The Kalashnikov is the narrator’s “infallible strategy” – vodka with lemon, coffee and sugar. Although this is a small moment, it situates the narrator as someone who has experience picking up new sexual partners, and the line is delivered without any shame or apology. In terms of who holds the power in this situation, the narrator seems to be equally in control of her relation with the female Alex and the male Alex.

The scenes cut back and forth quickly – although the Alexes are never in the same scene, it appears that they could be. The lighting, the camera angle and the music stay consistent, with quick jumps between the narrator and the female Alex and the narrator with the male Alex. Phone numbers, emails, and Facebook information are exchanged.

They each have a second date “during daytime hours” (Cabaret Desire) with the narrator. Again, there is the same quick cutting between scenes, the parallel positioning, and the narrator references repeating scenarios and moments as one of the benefits of dating these two people. She describes, “two lovers, two flavours, two smells” (Cabaret Desire). The visual aesthetic remains consistent throughout this story, relying primarily on quick cuts between scenes. Though the quick cutting back and forth continues in the sex scene, the parallel positioning doesn’t. With the female Alex, the narrator starts on top, while with the male Alex she does not. Unlike in the bar scene, which gave the impression that the two Alexes could have been in the same space at the same time, here the lighting changes between the scenes and it’s clear that these are two distinct, separate relationships. Despite the positions not paralleling, there are still more parallels than not – with the narrator giving oral sex in one, then the other. With female Alex, the narrator wears a strap-on, potentially embodying the refusal to inhabit one side of the binary, pointing back to the opening line.

The scene at 12:30, during which the male Alex slaps the narrator’s hip and she slaps his hand is particularly interesting and raises two issues. The scene can be read as non-verbal consent negotiation that puts the narrator in the deciding position. It is a brief interaction, no words are exchanged, and the voiceover is silent during the sex scene so there is no verbal insight into the narrator’s motivations or experience. However, the fact that there is no hip slapping during the rest of the sex scene with the male Alex, as well as the body language during this scene, both seem to indicate that this is a consent negotiation. In any consent negotiation, power dynamics must be examined. Here, it appears that they are somewhat equal. Whether this is a demonstration of a successful consent negotiation is potentially important in understanding the film in terms of feminist pornography. If, as Lust states, “porn [is] a tool for excitement, education and pleasure. It’s not only an entertainment product, but also a powerful way to influence future generations’ vision of human sexuality” (Lust Filament), then using porn as an educational tool for negotiating consent may be an important element.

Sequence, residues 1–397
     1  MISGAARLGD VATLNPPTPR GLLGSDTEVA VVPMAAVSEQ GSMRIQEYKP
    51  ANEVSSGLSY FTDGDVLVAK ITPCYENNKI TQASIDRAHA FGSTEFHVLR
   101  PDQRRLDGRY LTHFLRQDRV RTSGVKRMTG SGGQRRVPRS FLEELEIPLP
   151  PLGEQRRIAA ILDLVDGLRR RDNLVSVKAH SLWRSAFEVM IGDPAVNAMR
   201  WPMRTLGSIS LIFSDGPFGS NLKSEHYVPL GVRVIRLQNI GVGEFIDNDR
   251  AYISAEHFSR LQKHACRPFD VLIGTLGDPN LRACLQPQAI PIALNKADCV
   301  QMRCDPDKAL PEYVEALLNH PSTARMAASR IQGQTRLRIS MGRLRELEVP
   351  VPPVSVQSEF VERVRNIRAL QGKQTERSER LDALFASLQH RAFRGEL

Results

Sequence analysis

Once penetration is introduced into the scenes, the parallel positioning is used again, but inverted – the narrator takes the same position as the male Alex in her interactions with the female Alex. Condom use is evident in the penetration involving a bio-cock, though the viewer does not see the condom being put on.

The sexual activities that the narrator engages in with the two Alexes differ based on their sex, which is somewhat to be expected but may require further unpacking. With the female Alex, penetration is followed by oral sex, with the narrator performing cunnilingus on Alex. There is kissing, touching and breast-stroking in this scene. Alex then rubs the narrator’s clit. After what seems to indicate an orgasm for the narrator, they cuddle.

With the male Alex, penetration continues through most of the scene, and includes some mouth to mouth kissing. They switch positions so that he is behind her, grabbing her breasts and shoulders. Significantly, and in another subversion of expectation, there is no cum shot, and they cuddle for quite a while. It is unclear when the orgasms happen in this scene for any of the characters, with the possible exception of the narrator in the scene with the female Alex. Orgasm is not presented as the end goal, and it does not end the intimacy of the scene.

After the sex, the relationships fall apart. The narrator says, “spontaneity, they said. Controlling, I thought” (Cabaret Desire). The three of them are shown in the same room, for the first time, in the break-up scene. The story is situated as “real life” in opposition to a “French indie film” (Cabaret Desire) where they would have a threesome. Since it is “real life”, a threesome is not possible.

Referring back to the first line, the Alexes ask, “Are you gay or are you straight, make up your damn mind, Sofia” (Cabaret Desire). Sofia, now named, refuses. She ends the scene with a dog named Alex.